What makes someone a good friend, rather than an acquaintance?
I've been thinking about this a lot recently, ever since my best friend died in September. I keep examining our relationship, remembering how we first met and trying to form an image of her in happier times. We were colleagues who realised one day after a casual conversation, that we both had partners who were not interested in the sort of films we both liked. Our first cinema visit was to Starship Troopers in Stoneleigh and we were amazed to find that we were the only people in the cinema for the early showing. Most of the films we saw were rather less mainstream and we revelled in the foreign language seasons and rarities shown on the Director's Chair selection at our two local cinemas.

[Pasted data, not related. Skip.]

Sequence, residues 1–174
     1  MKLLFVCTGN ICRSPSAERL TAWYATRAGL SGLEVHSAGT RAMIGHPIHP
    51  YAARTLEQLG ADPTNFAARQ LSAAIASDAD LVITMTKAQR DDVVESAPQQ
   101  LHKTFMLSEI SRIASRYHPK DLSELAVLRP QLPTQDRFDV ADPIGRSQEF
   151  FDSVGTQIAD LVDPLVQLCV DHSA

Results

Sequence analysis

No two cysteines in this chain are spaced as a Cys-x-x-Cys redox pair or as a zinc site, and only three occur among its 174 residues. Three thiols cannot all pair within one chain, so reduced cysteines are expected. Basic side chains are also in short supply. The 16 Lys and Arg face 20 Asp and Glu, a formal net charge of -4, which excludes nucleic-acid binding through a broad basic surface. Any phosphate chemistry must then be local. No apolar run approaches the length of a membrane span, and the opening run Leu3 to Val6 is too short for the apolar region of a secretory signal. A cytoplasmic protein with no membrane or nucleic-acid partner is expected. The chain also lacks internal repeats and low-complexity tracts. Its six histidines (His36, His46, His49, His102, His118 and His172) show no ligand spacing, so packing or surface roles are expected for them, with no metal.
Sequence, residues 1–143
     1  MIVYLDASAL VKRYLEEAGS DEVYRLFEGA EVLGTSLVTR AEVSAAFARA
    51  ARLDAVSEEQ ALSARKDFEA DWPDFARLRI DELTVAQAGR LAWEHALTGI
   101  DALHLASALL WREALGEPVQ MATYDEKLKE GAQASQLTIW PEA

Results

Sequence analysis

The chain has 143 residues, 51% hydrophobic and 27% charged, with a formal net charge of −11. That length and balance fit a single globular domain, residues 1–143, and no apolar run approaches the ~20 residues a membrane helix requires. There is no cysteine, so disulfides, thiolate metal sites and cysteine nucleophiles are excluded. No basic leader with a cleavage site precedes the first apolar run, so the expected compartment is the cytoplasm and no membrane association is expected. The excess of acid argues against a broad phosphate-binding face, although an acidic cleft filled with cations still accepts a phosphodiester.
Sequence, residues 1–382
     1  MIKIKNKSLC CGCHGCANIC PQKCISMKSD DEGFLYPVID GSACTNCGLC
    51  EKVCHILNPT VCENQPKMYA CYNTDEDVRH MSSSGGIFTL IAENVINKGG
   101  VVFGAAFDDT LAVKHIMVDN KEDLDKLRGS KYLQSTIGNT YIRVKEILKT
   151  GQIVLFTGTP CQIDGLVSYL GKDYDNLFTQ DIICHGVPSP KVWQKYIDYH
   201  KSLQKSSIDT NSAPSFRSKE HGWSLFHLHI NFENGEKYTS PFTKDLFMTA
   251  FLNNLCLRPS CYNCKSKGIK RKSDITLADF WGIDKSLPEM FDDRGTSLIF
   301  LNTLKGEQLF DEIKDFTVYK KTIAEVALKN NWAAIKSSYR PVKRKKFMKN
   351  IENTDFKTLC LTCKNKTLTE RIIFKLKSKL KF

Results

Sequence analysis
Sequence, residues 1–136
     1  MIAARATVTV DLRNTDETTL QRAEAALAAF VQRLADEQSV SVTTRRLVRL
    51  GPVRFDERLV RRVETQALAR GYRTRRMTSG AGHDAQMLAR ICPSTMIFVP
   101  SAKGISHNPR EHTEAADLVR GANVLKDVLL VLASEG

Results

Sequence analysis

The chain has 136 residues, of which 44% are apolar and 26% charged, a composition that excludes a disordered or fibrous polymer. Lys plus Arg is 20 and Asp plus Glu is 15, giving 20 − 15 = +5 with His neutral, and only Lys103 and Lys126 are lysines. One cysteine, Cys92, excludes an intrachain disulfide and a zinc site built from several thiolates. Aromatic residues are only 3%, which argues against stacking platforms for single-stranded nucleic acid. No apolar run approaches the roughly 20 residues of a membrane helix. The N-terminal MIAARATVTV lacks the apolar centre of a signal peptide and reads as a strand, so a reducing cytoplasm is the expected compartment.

We'd chat before and after the films and occasionally managed to grab a lunch break at the same time, but rarely spent more than a couple of hours together as we lived a few miles apart and her life revolved around her family, voluntary work, home and garden, while I was busy with my partner, work, animals and pastimes.
Over the years it doesn't amount to a lot of shared time, so why is there this gaping hole in my life? For the first few weeks after she died, I had a constant pain in my forehead, as if all my grief was gathered there. Now the pain has faded, but I still feel such a tightness in my throat when I look at her photograph or remember a particular funny moment. A great comfort is my friendship with her husband and sons, so we are able to recall her in our memories.
When she died I was stunned, transfixed. Where had she gone? Was she still here, somewhere in the ether, or gone, totally vanished? How could she have left us all so suddenly? But thinking about it now, I think she chose her time to go. I only wish I could believe that we will meet again one day.
You may ask yourself, "How did I get here?".
17 hours ago